Nar┼źnasK Nar┼źnasK - 1 month ago 12
Python Question

subprocess.check_output with timeout process termination is deferred

I have a following code, which should start a job and kill the process if it takes too long to finish.

import random
from datetime import datetime
from subprocess import check_output, STDOUT, TimeoutExpired

MAX_WAIT = 5

def custom_task(job=None):
sec = job or random.randint(4,10)
print('\nThis task will sleep {s} sec.'.format(s=sec))
print('-/- {time} - - Commence new job <{job}>'.format(
job=sec, time=datetime.now()))
try:
cmd = 'sleep {s}; echo "Woke up after {s} sec." | tee -a task.log'.format(s=sec)
stdout = check_output(cmd, shell=True, stderr=STDOUT, timeout=MAX_WAIT).decode()
except TimeoutExpired:
print('~/~ {time} - - Job <{job}> has been cancelled'.format(
job=sec, time=datetime.now()))
except Exception as err:
print('!/! {time} - - Job <{job}> could not finish because of the error'.format(
job=sec, time=datetime.now()))
print('{err}'.format(err=err))
else:
print('=/= {time} - - Job <{job}> has been done'.format(
job=sec, time=datetime.now()))
print(stdout)

custom_task(4)
custom_task(8)


Console gives me the following output:

This task will sleep 4 sec.
-/- 2016-11-03 01:07:56.037104 - - Commence new job <4>
=/= 2016-11-03 01:08:00.051072 - - Job <4> has been done
Woke up after 4 sec.


This task will sleep 8 sec.
-/- 2016-11-03 01:08:00.051233 - - Commence new job <8>
~/~ 2016-11-03 01:08:08.062563 - - Job <8> has been cancelled


Note that task which was supposed to sleep 8 sec released the block after 8 sec, and not after expected
MAX_WAIT = 5


But if I check
tasks.log
I see:

Woke up after 4 sec.


This means that only 4 sec task has finished successfully, which is desired and expected. Hence my script kind of work, but in rather unexpected and undesired way.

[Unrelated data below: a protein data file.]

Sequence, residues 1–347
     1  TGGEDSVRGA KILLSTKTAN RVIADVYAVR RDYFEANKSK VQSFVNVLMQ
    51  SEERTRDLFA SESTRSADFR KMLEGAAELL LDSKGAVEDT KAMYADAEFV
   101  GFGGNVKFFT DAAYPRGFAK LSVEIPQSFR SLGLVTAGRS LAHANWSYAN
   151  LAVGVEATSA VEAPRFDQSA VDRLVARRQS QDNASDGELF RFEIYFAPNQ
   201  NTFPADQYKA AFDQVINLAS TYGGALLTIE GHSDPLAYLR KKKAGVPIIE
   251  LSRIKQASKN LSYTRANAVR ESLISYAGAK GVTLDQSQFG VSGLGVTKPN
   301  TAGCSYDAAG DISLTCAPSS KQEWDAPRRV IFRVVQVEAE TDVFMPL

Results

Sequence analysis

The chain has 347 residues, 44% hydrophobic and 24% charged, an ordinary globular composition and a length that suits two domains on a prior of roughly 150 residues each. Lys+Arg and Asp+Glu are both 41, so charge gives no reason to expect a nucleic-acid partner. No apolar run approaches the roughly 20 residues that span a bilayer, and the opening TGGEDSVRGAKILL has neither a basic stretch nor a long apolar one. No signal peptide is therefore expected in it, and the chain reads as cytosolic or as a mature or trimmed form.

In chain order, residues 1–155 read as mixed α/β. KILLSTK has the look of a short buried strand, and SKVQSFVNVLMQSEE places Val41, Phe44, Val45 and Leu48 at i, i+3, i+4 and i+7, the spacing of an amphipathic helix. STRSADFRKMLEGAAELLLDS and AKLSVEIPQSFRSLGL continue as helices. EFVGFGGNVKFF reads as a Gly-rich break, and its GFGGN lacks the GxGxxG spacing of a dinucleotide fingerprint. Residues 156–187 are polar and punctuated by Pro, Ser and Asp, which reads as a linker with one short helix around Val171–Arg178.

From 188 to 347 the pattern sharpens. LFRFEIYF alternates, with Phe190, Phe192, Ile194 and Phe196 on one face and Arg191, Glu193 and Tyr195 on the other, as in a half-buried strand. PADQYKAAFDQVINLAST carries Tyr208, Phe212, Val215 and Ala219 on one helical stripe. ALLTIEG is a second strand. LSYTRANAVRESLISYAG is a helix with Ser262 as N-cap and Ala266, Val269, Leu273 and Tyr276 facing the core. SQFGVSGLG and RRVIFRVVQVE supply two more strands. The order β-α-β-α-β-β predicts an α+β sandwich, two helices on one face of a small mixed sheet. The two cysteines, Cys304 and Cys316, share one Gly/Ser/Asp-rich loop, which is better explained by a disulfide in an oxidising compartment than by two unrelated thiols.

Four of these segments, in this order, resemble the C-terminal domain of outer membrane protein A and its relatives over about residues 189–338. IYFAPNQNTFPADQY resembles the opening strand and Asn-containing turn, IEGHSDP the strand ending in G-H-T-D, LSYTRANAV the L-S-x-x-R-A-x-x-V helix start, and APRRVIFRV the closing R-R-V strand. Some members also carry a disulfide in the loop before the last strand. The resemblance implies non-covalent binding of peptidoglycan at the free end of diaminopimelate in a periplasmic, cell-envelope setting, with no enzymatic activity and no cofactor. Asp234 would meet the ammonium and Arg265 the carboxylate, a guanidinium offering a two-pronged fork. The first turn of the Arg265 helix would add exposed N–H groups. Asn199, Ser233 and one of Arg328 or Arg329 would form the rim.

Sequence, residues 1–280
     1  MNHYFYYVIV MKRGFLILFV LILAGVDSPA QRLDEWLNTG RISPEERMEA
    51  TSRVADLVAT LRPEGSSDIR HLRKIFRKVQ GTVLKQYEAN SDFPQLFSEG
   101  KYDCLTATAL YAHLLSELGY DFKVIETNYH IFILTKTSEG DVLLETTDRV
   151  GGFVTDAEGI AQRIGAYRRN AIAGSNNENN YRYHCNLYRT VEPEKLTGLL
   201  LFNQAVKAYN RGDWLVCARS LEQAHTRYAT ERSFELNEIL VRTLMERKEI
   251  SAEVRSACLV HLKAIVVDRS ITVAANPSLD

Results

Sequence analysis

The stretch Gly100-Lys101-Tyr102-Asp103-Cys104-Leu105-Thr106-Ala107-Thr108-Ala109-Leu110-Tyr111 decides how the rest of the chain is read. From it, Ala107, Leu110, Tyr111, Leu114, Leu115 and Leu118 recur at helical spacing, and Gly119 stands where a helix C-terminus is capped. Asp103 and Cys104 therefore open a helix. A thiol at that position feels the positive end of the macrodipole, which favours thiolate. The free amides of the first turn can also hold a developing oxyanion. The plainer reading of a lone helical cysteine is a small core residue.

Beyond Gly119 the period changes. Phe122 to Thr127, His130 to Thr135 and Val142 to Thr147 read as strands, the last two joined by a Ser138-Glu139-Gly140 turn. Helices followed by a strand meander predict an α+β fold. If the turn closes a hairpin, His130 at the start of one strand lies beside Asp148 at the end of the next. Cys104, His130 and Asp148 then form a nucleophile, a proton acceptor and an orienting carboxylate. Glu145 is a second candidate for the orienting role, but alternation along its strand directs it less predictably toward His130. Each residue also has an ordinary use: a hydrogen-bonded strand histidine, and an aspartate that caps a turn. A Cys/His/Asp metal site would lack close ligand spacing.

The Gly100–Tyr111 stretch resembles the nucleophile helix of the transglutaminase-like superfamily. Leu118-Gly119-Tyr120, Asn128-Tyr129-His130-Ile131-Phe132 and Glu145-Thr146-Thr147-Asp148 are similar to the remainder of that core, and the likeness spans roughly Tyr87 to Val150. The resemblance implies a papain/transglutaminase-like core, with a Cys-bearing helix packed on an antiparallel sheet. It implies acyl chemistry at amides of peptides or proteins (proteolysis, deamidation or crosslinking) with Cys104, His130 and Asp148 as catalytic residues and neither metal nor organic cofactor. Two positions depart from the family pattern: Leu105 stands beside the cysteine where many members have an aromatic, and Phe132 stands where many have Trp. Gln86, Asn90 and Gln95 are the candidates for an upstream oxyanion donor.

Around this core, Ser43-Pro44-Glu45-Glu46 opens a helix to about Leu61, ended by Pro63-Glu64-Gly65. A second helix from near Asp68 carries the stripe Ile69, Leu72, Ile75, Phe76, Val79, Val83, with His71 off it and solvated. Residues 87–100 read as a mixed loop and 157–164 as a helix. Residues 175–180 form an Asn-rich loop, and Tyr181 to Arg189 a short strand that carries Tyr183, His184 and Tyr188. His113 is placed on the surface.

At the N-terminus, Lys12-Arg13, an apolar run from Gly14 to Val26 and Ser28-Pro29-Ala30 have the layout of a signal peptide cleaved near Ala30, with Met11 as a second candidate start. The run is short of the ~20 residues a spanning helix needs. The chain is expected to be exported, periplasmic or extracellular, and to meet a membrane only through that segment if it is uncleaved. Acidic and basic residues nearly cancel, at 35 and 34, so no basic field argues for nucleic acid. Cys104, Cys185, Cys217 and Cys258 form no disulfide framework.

Is there a way to release the block (kill the process) on time, thus as soon as
MAX_WAIT
timeout was exceeded?

And what is going on here, why python waits until
sleep
finishes sleeping?

EDIT - A WORKING EXAMPLE

from random import randint
from os import killpg
from signal import SIGKILL
from datetime import datetime
from subprocess import Popen, STDOUT, TimeoutExpired, PIPE

MAX_WAIT = 5

def custom_task(job=None):
sec = job or randint(4,10)
print('\n# This task will sleep {s} sec.'.format(s=sec))
print('-/- {time} - - Commence new job <{job}>'.format(
job=sec, time=datetime.now()))
cmd = 'sleep {s}; echo "Woke up after {s} sec." | tee -a tasks.log'.format(s=sec)
with Popen(cmd, shell=True,
stdout=PIPE, stderr=STDOUT,
close_fds=True,
universal_newlines=True,
start_new_session=True) as proc:
try:
stdout = proc.communicate(timeout=MAX_WAIT)[0]
except TimeoutExpired:
print('~/~ {time} - - Job <{job}> has been cancelled'.format(
job=sec, time=datetime.now()))
killpg(proc.pid, SIGKILL)
stdout = proc.communicate(timeout=1)[0]
except Exception as err:
print('!/! {time} - - Job <{job}> could not finish because of the error'.format(
job=sec, time=datetime.now()))
print('{err}'.format(err=err))
killpg(proc.pid, SIGKILL)
else:
print('=/= {time} - - Job <{job}> has been done'.format(
job=sec, time=datetime.now()))
print('# Return code: {}'.format(proc.returncode))
print(stdout)

custom_task(4)
custom_task(30)


OUTPUT

$ time python3 popen.py

# This task will sleep 4 sec.
-/- 2016-11-05 15:38:13.833871 - - Commence new job <4>
=/= 2016-11-05 15:38:17.842769 - - Job <4> has been done
# Return code: 0
Woke up after 4 sec.


# This task will sleep 30 sec.
-/- 2016-11-05 15:38:17.842942 - - Commence new job <30>
~/~ 2016-11-05 15:38:22.849511 - - Job <30> has been cancelled
# Return code: -9


real 0m9.095s
user 0m0.087s
sys 0m0.000s

Answer

There are actually several processes called in the check_output call. So when subprocess sends the kill signal, it will not be sent to all of the descendant processes. The check_output may wait for the other processes to finish. For a solution look at this post on StackOverflow.